How To Make A Box Kite

Step-by-Step - Page 3 of 3

The MBK 1-Skewer Box 





How To Make A Box Kite
Flying! 

Finally, make up a flying line and attach it to the bridle with a Lark's Head Knot. See the photo below.

Attaching the flying line to the bridle.

Assuming there is plenty of breeze outside, just dangle the kite at arm's length until the wind catches it.

As long as you feel the kite pulling, let out line slowly by letting it slip through your fingers.

Another approach is to get a helper to hold the kite up and let it go, with maybe 10 or 20 meters of line let out. This way, the kite soon gets high enough to make it easy to let more line out. That's assuming there is plenty of wind!

If this box kite doesn't fly, there is only one explanation: not enough wind! If it loops around in one direction, try adding a little tail to one side of the lower cell. Imagine the kite looping around... The extra tail needs to go on the outside of that loop.

The 1-Skewer Box kite in flight.

An important part of making a box kite as small as this one is selecting bamboo skewers that are as straight and consistent as possible. If you can do a perfect job, the kite might even fly straight with no tails at all, over a large wind range. On something this small, it's just hard to do.

Out In The Field

Box kite stories of my real-life flying experiences are worth checking out!

Illustrated with photos and videos, of course.

Isn't it nice to not be grounded when it's fairly windy outside, and it's way too strong for the light-wind MBK designs!

If you think you have done an accurate job of selecting skewers and constructing the kite, experiment with using less tail. It will fly higher with less tail to drag it down.

Hope you've enjoyed learning how to make a Box kite!

Now, just in case you have actually made and flown this kite at least once already...




Ever Made This Kite?

You've probably read a kite-flying story or 2 of mine, after they appear under the "what's new?" link on this site. I sometimes wonder if anyone else has made and flown this particular design...

If you feel your efforts really paid off when the the kite finally got airborne - please type a few paragraphs in here telling us all about it!

P.S. I can only accept stories of at least 300 words. Just mention a few details like the weather, onlookers, the kite's behavior and so on - 300 words is easy!


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E-book special of the month (25% off)...


The
Sode is a traditional Japanese design, and this MBK version is exciting to watch in rough air!

If you have made Diamonds before, this kite takes a little more time to make. It's still a straight-forward build though, using the same techniques as used for my Dowel Diamond.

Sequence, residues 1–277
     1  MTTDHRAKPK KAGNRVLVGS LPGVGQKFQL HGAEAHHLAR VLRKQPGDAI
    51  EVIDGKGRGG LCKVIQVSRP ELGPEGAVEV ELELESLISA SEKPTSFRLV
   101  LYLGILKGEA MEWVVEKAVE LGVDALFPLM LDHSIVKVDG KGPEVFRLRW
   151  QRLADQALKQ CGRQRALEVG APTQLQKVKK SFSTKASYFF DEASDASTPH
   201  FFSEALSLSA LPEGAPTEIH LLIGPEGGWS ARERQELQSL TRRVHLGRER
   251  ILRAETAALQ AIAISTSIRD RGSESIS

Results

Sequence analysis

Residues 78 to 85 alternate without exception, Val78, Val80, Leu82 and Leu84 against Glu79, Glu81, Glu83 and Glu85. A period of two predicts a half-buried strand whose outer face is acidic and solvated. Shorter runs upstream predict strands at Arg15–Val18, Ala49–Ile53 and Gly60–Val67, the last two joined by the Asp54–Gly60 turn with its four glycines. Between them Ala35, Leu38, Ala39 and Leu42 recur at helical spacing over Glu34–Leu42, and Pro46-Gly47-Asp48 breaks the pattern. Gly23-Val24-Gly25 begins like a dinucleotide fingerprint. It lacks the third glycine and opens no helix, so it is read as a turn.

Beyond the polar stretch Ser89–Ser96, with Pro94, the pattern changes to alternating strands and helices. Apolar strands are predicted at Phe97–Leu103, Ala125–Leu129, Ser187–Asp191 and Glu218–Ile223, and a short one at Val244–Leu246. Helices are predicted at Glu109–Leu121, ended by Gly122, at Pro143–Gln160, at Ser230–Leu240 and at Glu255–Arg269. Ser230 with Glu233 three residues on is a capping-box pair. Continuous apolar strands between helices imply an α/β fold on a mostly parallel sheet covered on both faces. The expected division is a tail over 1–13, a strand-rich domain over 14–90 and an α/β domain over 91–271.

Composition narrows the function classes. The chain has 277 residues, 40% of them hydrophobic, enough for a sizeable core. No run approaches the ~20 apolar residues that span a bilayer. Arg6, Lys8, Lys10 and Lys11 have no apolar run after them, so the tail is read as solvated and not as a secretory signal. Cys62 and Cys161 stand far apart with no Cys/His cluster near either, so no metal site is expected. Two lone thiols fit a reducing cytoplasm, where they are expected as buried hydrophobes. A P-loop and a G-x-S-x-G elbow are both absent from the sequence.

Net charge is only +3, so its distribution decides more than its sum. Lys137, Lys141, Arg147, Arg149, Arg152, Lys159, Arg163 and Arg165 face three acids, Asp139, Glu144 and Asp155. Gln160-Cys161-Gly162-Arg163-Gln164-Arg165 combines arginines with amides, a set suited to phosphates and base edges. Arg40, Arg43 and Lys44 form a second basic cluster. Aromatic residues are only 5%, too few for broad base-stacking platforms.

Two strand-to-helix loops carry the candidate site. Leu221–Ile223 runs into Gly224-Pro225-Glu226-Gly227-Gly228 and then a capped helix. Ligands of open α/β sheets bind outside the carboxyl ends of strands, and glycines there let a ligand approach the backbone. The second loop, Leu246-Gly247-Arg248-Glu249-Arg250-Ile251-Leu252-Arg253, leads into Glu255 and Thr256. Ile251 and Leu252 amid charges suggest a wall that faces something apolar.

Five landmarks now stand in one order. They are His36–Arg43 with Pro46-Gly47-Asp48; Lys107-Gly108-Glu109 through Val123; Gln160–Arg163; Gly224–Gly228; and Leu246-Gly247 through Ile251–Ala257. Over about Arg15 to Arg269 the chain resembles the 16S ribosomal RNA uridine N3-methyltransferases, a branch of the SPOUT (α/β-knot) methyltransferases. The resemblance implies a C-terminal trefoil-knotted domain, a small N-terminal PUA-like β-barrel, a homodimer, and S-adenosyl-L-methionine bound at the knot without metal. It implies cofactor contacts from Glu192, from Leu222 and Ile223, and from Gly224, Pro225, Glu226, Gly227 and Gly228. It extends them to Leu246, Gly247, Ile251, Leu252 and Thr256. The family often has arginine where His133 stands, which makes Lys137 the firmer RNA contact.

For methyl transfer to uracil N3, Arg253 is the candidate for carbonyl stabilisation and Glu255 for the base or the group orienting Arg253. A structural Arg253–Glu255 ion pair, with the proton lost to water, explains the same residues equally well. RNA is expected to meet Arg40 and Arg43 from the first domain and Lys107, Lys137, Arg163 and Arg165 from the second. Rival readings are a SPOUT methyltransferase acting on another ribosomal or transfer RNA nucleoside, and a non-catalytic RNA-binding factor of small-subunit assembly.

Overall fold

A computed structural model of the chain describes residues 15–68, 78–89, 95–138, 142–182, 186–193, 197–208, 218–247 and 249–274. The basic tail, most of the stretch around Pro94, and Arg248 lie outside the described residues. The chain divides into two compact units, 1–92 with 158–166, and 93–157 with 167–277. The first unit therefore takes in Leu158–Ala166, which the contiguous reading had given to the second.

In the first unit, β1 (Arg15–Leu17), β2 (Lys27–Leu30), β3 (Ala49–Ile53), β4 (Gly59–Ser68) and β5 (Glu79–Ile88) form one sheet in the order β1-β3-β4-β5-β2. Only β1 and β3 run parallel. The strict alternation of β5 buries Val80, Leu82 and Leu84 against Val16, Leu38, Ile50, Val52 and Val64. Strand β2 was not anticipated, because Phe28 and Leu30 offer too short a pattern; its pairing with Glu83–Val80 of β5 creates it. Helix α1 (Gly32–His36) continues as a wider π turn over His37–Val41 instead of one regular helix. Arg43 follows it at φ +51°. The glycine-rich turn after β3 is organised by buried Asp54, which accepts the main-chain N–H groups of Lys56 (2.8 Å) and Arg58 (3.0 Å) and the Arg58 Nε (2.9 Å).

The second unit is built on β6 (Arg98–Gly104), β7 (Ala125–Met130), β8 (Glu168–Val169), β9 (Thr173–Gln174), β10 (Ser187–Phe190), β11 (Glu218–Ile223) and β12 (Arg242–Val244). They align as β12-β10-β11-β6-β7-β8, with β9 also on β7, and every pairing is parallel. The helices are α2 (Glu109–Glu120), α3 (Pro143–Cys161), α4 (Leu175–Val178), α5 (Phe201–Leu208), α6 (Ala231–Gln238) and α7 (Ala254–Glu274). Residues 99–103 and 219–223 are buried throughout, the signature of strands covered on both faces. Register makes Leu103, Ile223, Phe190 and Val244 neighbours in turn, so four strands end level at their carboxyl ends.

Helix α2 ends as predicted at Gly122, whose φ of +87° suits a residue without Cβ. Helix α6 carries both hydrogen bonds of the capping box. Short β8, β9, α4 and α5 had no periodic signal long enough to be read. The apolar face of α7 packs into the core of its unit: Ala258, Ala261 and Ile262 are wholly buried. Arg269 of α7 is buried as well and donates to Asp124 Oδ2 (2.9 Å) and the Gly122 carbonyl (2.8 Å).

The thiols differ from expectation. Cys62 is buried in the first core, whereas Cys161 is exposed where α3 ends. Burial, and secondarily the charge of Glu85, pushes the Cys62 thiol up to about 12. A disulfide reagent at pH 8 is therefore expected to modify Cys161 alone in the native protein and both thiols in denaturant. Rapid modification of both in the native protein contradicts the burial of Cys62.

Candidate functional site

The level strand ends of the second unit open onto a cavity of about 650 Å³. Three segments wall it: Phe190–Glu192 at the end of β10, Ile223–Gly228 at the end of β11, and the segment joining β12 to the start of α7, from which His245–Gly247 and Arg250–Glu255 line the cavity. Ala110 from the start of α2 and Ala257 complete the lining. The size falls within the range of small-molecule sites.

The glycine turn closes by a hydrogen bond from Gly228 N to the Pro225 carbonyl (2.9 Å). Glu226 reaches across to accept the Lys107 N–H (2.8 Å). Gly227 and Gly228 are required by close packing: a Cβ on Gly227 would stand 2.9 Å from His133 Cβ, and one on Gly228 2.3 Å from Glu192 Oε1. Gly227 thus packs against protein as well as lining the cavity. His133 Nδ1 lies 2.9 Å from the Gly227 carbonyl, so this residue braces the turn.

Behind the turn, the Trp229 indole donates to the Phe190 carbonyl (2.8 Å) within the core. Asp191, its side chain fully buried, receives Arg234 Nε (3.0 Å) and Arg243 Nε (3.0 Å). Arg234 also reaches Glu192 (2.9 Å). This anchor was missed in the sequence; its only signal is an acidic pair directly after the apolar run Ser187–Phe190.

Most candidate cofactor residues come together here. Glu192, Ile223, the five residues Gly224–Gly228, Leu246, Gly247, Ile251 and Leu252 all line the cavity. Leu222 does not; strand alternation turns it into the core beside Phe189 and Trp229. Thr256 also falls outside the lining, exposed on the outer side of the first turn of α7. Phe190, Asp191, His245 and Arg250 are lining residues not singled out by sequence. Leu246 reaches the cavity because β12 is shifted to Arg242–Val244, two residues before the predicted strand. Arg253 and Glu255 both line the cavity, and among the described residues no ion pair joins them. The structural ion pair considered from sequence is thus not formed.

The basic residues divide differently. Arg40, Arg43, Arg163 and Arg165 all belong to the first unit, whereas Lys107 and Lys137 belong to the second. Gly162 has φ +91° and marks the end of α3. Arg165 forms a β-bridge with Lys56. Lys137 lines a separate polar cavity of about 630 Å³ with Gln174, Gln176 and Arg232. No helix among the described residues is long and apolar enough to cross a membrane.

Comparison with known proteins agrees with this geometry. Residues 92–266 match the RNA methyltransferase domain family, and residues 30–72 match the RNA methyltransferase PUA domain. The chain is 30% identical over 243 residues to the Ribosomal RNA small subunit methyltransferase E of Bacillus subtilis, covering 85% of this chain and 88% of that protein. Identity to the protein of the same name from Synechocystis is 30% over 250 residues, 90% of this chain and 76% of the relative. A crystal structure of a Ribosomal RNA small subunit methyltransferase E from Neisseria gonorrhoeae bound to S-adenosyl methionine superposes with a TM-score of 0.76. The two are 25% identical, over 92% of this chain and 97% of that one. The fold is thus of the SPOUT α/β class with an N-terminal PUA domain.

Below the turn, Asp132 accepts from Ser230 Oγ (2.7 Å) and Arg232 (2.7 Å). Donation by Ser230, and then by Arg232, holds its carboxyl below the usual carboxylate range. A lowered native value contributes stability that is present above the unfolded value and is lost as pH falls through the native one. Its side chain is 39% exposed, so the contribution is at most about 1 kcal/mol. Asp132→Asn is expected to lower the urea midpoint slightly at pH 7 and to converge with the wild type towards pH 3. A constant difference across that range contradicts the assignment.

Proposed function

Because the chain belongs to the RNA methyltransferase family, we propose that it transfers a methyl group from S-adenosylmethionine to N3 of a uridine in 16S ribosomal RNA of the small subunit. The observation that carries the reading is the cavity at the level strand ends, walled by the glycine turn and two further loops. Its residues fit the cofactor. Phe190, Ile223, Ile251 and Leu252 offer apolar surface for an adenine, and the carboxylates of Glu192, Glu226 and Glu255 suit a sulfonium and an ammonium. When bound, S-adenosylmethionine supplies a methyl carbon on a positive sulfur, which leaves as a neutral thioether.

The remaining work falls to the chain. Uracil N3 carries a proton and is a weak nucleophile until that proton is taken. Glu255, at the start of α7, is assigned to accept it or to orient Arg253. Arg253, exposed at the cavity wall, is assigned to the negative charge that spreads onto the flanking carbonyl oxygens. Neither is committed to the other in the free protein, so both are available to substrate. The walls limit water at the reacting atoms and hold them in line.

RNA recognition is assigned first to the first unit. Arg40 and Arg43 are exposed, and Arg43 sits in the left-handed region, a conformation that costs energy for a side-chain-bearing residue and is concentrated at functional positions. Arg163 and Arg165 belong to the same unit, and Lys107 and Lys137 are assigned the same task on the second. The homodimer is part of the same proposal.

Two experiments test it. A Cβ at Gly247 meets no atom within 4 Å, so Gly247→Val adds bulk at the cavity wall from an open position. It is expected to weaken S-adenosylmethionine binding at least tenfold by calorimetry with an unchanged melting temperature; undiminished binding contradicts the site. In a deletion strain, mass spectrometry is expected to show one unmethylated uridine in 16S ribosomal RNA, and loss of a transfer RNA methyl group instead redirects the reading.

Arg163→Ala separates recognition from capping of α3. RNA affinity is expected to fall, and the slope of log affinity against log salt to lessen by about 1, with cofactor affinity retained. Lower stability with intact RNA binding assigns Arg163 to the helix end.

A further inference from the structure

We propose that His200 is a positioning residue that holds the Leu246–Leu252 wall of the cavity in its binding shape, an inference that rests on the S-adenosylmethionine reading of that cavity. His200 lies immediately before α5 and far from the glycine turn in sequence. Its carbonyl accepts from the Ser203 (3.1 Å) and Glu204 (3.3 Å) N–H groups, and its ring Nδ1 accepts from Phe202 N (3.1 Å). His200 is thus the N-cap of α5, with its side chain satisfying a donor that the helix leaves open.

Get the e-book for making the MBK Dowel Sode kite. The cambered sail makes this a very efficient design. Of the Dowel kites, this design is one of my personal favorites!

This Sode flies steep and steady over the Light wind range, and starts to move around quite a bit when the wind picks up to Moderate levels. Tail(s) are entirely optional, but may be added for looks.

The e-book is a PDF file - which means printable instructions to refer to while you make the kite. It also means convenient off-line access if that suits you better.



What's New!

  1. YOUR Kite Aerial Photography

    Dec 07, 16 09:00 AM

    This page features some KAP work by site visitors. From the 'just having a go' to the rather more professional!

    Read More





Comments

Plenty of fun kite info, photos and videos - there's definitely too much here for only one visit! Feel free to leave your impressions of this site or just this page, below...



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Testimonials
(unedited)

"Love the easy to understand step by step instructions, made from next to nothing materials and above all so much fun to fly... cheers Tim for sharing your well thought out pdf kite designs with the whole world.

Very satisfying making your own and watching them get air-born for the first time."

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"I've just bought your super e-book and spent most of last night pouring through all the great stuff in it!

Very detailed and USEFUL information - thanks for such a great book."

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"30+ years ago, I tried making a kite using the 'instructions' in a free kite-safety booklet. What a disappointment for a young boy.

 Your instructions and methods are wonderful. You help the builder to focus on accuracy, without making it hard. Also, you use materials that are durable, yet cheap!"

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"omg i made a kite from this site and i fly it ....... booom i didnt expect this bc in the other sites instuction are trash

thank you"




Kite-making e-book: Simplest Dowel Kites

This one's FREE
Download it now!



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Wind Speeds


Light air
1-5 km/h
1-3 mph
1-3 knots
Beaufort 1

Light breeze
6–11 km/h
4–7 mph
4–6 knots
Beaufort 2    

Gentle breeze
12–19 km/h
8–12 mph
7–10 knots
Beaufort 3    

Moderate breeze
20–28 km/h
13–18 mph
11–16 knots
Beaufort 4    

Fresh breeze
29–38 km/h
19–24 mph
17–21 knots
Beaufort 5    

Strong breeze
39–49 km/h
25–31 mph
22–27 knots
Beaufort 6

High Wind
50-61 km/h
32-38 mph
28-33 knots
Beaufort 7